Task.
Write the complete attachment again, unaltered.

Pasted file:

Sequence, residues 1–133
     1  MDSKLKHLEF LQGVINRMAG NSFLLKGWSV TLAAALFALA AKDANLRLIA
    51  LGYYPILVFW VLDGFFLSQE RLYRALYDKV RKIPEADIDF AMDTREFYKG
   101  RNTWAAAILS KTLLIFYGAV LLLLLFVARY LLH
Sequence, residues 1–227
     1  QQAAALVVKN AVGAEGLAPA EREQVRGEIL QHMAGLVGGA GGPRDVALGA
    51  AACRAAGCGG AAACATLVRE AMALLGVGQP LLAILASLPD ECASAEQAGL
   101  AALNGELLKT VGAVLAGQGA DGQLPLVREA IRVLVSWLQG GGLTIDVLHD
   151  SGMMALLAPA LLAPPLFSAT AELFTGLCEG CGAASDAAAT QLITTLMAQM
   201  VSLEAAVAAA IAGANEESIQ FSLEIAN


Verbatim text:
Sequence, residues 1–133
     1  MDSKLKHLEF LQGVINRMAG NSFLLKGWSV TLAAALFALA AKDANLRLIA
    51  LGYYPILVFW VLDGFFLSQE RLYRALYDKV RKIPEADIDF AMDTREFYKG
   101  RNTWAAAILS KTLLIFYGAV LLLLLFVARY LLH
Sequence, residues 1–227
     1  QQAAALVVKN AVGAEGLAPA EREQVRGEIL QHMAGLVGGA GGPRDVALGA
    51  AACRAAGCGG AAACATLVRE AMALLGVGQP LLAILASLPD ECASAEQAGL
   101  AALNGELLKT VGAVLAGQGA DGQLPLVREA IRVLVSWLQG GGLTIDVLHD
   151  SGMMALLAPA LLAPPLFSAT AELFTGLCEG CGAASDAAAT QLITTLMAQM
   201  VSLEAAVAAA IAGANEESIQ FSLEIAN